Sunday, December 20, 2009

Frank Rich Nails It (Again)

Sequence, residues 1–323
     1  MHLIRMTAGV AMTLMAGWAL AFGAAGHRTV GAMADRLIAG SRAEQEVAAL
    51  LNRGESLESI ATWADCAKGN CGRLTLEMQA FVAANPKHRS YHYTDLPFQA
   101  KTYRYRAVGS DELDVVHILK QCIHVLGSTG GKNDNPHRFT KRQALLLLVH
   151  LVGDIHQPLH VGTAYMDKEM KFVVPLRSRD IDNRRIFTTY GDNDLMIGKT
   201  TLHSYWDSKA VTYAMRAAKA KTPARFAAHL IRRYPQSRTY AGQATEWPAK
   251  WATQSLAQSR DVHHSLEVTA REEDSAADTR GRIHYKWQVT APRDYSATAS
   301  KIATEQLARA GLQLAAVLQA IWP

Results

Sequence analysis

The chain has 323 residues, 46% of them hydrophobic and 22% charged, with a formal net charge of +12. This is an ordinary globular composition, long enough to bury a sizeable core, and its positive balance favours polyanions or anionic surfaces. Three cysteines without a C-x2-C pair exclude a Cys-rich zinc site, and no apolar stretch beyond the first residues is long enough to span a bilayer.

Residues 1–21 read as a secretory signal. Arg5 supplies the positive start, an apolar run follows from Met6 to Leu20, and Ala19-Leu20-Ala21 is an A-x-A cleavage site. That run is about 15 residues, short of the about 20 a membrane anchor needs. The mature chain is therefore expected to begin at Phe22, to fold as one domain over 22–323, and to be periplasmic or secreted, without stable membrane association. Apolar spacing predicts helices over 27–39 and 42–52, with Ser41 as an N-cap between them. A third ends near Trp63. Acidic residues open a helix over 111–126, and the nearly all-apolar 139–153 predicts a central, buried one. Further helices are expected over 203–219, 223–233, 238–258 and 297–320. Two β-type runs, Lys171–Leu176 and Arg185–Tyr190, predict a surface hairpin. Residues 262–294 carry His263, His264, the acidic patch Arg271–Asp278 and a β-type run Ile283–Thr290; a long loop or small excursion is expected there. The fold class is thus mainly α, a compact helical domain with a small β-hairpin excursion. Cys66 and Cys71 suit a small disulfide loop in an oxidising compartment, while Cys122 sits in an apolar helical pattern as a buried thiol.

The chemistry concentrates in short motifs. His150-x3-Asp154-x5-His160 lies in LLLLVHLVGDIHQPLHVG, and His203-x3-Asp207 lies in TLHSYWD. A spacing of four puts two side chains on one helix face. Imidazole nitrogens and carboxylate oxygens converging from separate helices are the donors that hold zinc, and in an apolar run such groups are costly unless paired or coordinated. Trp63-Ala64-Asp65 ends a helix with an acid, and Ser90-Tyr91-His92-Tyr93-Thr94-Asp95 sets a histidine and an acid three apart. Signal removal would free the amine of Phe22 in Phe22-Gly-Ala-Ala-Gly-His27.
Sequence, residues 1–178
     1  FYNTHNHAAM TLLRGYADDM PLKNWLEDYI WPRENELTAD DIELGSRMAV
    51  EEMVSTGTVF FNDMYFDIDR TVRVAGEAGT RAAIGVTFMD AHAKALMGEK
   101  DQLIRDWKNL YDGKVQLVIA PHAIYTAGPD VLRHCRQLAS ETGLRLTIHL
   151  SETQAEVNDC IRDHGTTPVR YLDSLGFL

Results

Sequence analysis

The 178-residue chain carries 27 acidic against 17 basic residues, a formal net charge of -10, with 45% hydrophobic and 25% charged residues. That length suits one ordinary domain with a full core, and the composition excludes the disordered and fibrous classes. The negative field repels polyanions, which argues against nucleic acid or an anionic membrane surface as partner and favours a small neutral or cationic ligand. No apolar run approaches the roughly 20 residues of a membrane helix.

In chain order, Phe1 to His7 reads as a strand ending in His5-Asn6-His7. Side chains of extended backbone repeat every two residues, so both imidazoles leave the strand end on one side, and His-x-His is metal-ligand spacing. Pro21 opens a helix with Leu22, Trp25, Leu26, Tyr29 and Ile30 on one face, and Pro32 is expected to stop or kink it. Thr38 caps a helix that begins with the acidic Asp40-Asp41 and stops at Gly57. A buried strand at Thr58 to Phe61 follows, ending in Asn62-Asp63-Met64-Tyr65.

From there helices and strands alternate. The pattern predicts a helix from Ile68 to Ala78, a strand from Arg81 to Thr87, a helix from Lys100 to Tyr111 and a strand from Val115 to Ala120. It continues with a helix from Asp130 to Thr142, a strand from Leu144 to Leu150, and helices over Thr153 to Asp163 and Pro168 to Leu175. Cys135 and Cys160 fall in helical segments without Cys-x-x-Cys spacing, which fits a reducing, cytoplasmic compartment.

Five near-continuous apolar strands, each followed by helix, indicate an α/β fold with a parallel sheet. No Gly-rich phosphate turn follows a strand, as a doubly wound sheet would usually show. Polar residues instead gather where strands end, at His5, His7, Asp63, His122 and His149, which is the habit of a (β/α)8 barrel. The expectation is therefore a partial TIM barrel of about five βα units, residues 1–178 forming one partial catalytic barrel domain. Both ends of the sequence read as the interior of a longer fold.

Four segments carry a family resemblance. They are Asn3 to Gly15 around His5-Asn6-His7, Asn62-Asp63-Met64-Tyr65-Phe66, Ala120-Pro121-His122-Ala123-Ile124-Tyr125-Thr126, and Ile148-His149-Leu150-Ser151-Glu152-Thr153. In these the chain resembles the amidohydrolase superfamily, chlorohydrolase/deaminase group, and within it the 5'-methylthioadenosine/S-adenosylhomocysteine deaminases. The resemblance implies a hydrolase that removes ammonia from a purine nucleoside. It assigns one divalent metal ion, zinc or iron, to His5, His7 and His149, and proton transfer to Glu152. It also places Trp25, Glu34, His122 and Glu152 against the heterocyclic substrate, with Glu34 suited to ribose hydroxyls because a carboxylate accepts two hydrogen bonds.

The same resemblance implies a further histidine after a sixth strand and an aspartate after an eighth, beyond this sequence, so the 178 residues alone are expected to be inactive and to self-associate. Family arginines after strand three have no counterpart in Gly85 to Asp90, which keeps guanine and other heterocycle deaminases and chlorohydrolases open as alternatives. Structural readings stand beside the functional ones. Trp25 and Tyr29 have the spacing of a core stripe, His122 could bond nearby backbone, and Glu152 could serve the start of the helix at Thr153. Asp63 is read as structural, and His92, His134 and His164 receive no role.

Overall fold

Decrying the stupidity of Time Mag’s naming “shnook” Ben Bernanke “Person of the Year”, this morning the New York Times op-ed columnist Frank Rich says: “If there’s been a consistent narrative to this year and every other in this decade, it’s that most of us, Bernanke included, have been so easily bamboozled...that’s why the obvious person of the year is Tiger Woods. His sham beatific image, questioned by almost no one until it collapsed, is nothing if not the farcical reductio ad absurdum of the decade’s flimflams, from the cancerous (the subprime mortgage) to the inane (balloon boy).” Rich goes on to say, “As of Friday, the Tiger saga had appeared on 20 consecutive New York Post covers. For The Post, his calamity has become as big a story as 9/11. And the paper may well have it right. We’ve rarely questioned our assumption that 9/11, ‘the day that changed everything,’ was the decade’s defining event. But in retrospect it may not have been. A con like Tiger’s may be more typical of our time than a one-off domestic terrorist attack, however devastating.” Rich says we keep on being led down the garden path by leaders in all areas of all our lives. Like, former Senator John Edwards (D-NC), steroid user MLB outfielder Barry Bonds, Senator Larry Craig (R-ID), actor and former Senator Fred Thompson (R-TN), Karl Rove, former NY Police Commissioner Bernie Kerik, former NY Gov. Eliot Spitzer, ponzi-scammer Bernie Madoff, Ken Lay and Enron. I would have to add George W. Bush, Sarah Palin, the Pope, Roman Catholic priests who molest children, and the biggest conman in the Senate, as well as biggest jerk-asshole in Connecticut, Joe Lieberman. We’ve all been too eager to go along for the ride, Rich says. “After a decade in which two true national catastrophes, a wasteful war and a near-ruinous financial collapse, were both in part byproducts of the ease with which our leaders bamboozled us, we can’t so easily move on”, Rich says. And then he lays it on us...and I find it hard to agree with him on this point. But who can say he’s downright wrong that maybe “Obama’s presidential campaign was as hollow as Tiger’s public image”. “After a decade of being spun silly,” Rich says, “Americans can’t be blamed for being cynical about any leader trying to sell anything. As we say goodbye to the year of Tiger Woods, it is the country, sad to say, that is left mired in a sand trap with no obvious way out.”

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